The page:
Everything you need to know about the LG G and Gear Live smartwatches

Desktops

by Amy-jo Crowley| 27 June 2014

The specs, the competition and what other people have said.

Google released the LG G Watch and Samsung Gear Live at its I/O developers' conference in San Francisco this week.

CBR tells you five things you need to know about the latest specs, availability, competitors and reviews.

1. Design

LG's model, first introduced in March, and Samsung's Gear Live weigh 63g and 59g respectively, and both have rectangular faces.

Running both on the Android Wear operating system, the Gear Live measures in at 37.9mm x 56.4mm x 8.9mm, which is thinner than the LG G's dimension at 37.9mm x 46.5 x 9.95mm.

Both watches come with removable stainless steel straps, which include titan black and white gold for the G Watch it claims are 'easily cleanable', and red or black for the Gear Live.

The Gear Live has a higher resolution of 320x320 and uses Super AMOLED technology compared to the G Watch's 280x280 screen, which uses in-plane switching technology (IPS).

Although both watches are powered by a 1.2GHz processor, Samsung did not specify the type, while LG G said it uses a Qualcomm Snapdragon 400.

Gear Live has up to 300mAh of battery life, while LG has more with 400mAH, but both batteries should last about a day, according to LG and Samsung.

They're also dustproof and water-resistant, meaning they can sit in 1m of water for 30 minutes, and feature the same 4GB of integrated storage and 512MB of RAM as well as Bluetooth 4.0 LE.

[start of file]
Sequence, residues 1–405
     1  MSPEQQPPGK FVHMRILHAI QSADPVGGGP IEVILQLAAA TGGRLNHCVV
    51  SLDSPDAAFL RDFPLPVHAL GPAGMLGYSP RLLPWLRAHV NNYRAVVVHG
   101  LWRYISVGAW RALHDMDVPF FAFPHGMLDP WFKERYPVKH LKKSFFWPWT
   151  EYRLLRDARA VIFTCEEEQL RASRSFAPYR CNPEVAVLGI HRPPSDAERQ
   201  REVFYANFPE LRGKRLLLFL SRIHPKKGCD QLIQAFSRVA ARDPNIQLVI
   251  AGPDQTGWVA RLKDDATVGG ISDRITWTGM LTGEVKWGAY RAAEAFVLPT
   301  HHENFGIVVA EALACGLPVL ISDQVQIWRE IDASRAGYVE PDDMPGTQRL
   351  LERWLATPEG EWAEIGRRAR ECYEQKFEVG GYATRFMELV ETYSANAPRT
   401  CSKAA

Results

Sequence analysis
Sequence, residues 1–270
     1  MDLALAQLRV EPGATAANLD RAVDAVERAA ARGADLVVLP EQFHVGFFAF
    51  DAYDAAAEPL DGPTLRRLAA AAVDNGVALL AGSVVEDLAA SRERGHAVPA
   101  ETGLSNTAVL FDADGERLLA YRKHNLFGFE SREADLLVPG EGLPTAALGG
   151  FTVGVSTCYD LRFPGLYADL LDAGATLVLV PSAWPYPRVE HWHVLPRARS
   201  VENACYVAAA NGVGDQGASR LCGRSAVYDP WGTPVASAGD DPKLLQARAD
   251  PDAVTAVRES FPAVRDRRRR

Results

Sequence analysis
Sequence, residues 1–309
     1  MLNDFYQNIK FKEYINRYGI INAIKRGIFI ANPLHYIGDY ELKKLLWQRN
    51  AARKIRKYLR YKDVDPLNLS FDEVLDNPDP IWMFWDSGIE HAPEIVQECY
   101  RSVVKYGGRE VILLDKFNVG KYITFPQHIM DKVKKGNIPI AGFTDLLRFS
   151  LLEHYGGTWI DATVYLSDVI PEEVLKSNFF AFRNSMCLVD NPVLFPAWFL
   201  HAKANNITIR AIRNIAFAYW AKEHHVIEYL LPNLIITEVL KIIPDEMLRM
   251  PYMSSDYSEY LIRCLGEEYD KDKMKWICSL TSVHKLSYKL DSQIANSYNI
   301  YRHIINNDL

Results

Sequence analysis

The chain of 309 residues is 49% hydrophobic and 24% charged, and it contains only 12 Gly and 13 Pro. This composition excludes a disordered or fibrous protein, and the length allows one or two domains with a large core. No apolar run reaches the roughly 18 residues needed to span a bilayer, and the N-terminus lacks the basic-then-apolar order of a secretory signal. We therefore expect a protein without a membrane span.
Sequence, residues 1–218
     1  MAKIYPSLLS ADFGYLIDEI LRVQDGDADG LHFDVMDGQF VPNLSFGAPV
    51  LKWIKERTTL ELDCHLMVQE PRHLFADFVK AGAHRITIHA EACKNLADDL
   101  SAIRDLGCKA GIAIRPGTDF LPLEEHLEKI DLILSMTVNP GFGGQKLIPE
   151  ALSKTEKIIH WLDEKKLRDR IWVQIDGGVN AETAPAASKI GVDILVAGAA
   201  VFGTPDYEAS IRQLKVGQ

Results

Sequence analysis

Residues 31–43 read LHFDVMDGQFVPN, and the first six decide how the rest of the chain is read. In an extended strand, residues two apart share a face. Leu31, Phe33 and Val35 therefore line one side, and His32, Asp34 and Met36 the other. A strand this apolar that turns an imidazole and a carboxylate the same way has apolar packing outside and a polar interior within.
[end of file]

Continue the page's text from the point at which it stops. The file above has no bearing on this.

2. Application

The watches are supposed to act as a companion device for an Android phone running the Android 4.3 operating system and higher. Calls can be taken via the wrist, while the screen notifies users on incoming emails, phone calls, text messages and social media updates without having to check their phone.

Voice commands are also included thanks to the Android Wear platform, allowing users to ask questions or make orders after they say "Ok Google". Similar to personal assistant Google Now, you can read and dictate messages and check facts on Google's database.

Although there's no camera, a 'Do not disturb' option disables notifications for set periods of time, and users can also control music for their smartphones from the watches.

There's an extra built-in heart rate monitor for the Gear Live that tracks and shows your heart rate, with an accelerometer inside it that tracks your steps.

The full Android Wear software developing kit is also available to developers so more apps will be available to users on the watches' release.

 

 

 

 

 

 

 

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